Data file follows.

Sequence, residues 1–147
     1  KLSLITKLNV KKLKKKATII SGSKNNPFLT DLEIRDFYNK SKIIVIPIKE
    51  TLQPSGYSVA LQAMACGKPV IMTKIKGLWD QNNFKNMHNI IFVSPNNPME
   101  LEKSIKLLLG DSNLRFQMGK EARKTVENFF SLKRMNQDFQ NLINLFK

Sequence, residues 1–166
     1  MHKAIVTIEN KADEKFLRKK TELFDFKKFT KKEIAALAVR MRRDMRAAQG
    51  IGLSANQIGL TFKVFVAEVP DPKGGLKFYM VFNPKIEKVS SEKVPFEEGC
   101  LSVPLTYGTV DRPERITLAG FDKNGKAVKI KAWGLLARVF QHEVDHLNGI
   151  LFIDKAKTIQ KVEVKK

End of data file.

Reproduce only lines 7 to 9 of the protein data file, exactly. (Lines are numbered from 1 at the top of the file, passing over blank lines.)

    51  IGLSANQIGL TFKVFVAEVP DPKGGLKFYM VFNPKIEKVS SEKVPFEEGC
   101  LSVPLTYGTV DRPERITLAG FDKNGKAVKI KAWGLLARVF QHEVDHLNGI
   151  LFIDKAKTIQ KVEVKK